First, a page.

If I asked her master, he’d give me a cask a day;
But she, with the beer at hand, not a gill would arrange!
May she marry a ghost and bear him a kitten, and may
The High King of Glory permit her to get the mange.

James Stephens

For more poetry by James Stephens, click here.
For more poetry of all sorts, visit today’s host of Poetry Friday, Becky’s Book Reviews

Wednesday, March 10, 2010

Women of Wednesday - We'll Miss you, Granny!

Doris Haddock, also known as Granny D., died last night at the age of 100. She was an ordinary woman when the times called for it. She went to school, fell in love, married and had children.

But there were times when she felt something had to be done about particular issues, and at those times, she was a most extraordinary woman.

Granny D. took part in efforts to save an Innuit village from being bombed by it's own government, and she walked across the country, beginning at age 88 and finishing at the age of 90, in an effort to bring attention to campaign finance reform. It couldn't have been easy because she suffered from arthritis and emphysema, but she did it anyway.

She was a woman who did more than talk. She went out and she acted. To learn more about her, see a previous blog, written almost one year ago.

You'll be missed, Granny!

Monday, March 8, 2010

Mentor Monday - Reaction

For every action, there must be an equal and opposite reaction.

I learned that in fifth grade Science. It was one of those things that went in one ear and out the other because I was never going to use it in real life. Little did I know it would apply to writing, as well as the working of the entire universe.

Most of us use this formula without even thinking about it. In an action scene, if Dick throws a ball to Jane, we know enough to have it bean Jane in the head. Or she could catch it, I suppose. But something has to happen to the thrown ball, and someone should react to that event. Dick can’t simply throw the ball and walk away. The reader will want to know what happened to the ball.

Reaction also comes second nature in dialogue. If Lassie barks, Mother responds with, “What’s that, girl? Timmy’s in the well?” And of course, Lassie barks her acknowledgement. If someone speaks to someone else, they should reply, or ignore, or react in some way.

But maybe you don’t want the speaker to know the other person’s reaction. Maybe Mary says, “I hate you, Tom,” and does walk away. In that case, we need to see the effect Mary’s words have on herself. Is she glad she said it? Is she wondering how Tom took it? Does she regret saying it? How do her words affect her?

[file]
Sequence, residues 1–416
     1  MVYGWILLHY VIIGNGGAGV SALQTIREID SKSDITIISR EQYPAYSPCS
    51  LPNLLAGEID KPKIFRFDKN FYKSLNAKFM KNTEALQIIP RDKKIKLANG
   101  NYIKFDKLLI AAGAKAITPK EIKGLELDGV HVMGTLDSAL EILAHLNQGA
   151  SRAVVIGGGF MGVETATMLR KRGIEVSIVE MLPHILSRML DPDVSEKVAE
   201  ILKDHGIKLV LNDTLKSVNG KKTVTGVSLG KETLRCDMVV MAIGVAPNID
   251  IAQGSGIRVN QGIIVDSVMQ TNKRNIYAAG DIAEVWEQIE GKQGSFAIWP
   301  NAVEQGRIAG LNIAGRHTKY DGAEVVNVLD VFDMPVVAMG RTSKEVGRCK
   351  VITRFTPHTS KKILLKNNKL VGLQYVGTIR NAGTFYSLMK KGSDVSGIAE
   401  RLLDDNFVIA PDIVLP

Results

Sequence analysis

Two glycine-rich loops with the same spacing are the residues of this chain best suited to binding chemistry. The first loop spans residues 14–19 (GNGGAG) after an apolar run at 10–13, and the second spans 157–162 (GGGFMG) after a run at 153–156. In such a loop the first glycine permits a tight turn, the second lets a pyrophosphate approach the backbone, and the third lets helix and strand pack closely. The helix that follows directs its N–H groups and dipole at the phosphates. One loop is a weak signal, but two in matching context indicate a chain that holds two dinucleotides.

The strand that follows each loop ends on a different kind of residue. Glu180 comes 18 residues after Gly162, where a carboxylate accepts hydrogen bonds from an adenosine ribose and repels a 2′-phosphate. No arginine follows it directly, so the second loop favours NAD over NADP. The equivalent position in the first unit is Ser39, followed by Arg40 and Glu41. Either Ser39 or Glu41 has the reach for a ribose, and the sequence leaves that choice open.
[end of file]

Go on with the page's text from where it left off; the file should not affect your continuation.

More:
Even description needs reaction. Let’s say Jack wakes up and looks out his window.

The sky was the bluest sky he had ever seen, with not a cloud in sight. He put on his baseball uniform and headed for the game.

That description tells us what kind of day it is. But that’s all it does. It’s nice, but it’s not relevant. If we cut it, nobody would miss it. Jack would simply wake up, put on his uniform, and head for the game. But if we add Jack’s reaction to the description --

The sky was the bluest sky he had ever seen, with not a cloud in sight. Jack sighed. He had hoped for rain. He put on his baseball uniform and headed for the game.

Now the description affects the story. It affects Jack. It becomes relevant. Jack’s reaction lets us know he isn’t looking forward to this baseball game. It also makes the baseball game a bit more interesting because we now want to know why Jack doesn’t want to play, whereas, the first version didn’t make us wonder at all.

Reaction is what keeps a story moving. If you’re writing a story and suddenly find yourself stuck and don’t know what to write next, chances are, your characters haven’t reacted to anything for a while. One or another of them may have gone on a thinking binge, or maybe you got caught up in the back story. Whatever the reason, the solution is often as easy as going back to the last point where someone did react and carry on from there. Let another character react to the previous action/reaction and you’ll be up and running in no time.

Wednesday, March 3, 2010

Women of Wednesday: National Women's History Month

March is National Women’s History Month, and according to the National Women’s History Project, the theme for 2010 is “Writing Women Back into History.” Which, I would like to think, is part of what the America’s Notable Women series is about.

If you want to encourage observance of National Women’s History Month in your state or school district, here’s a link to the brochure.

There’s a great website, hosted by the Library of Congress and supported by several other institutions including the Smithsonian and the National Park Service. Exhibits feature women from Laura Ingalls Wilder to Mary Cassatt to women astronauts and women in the military. Worth exploring.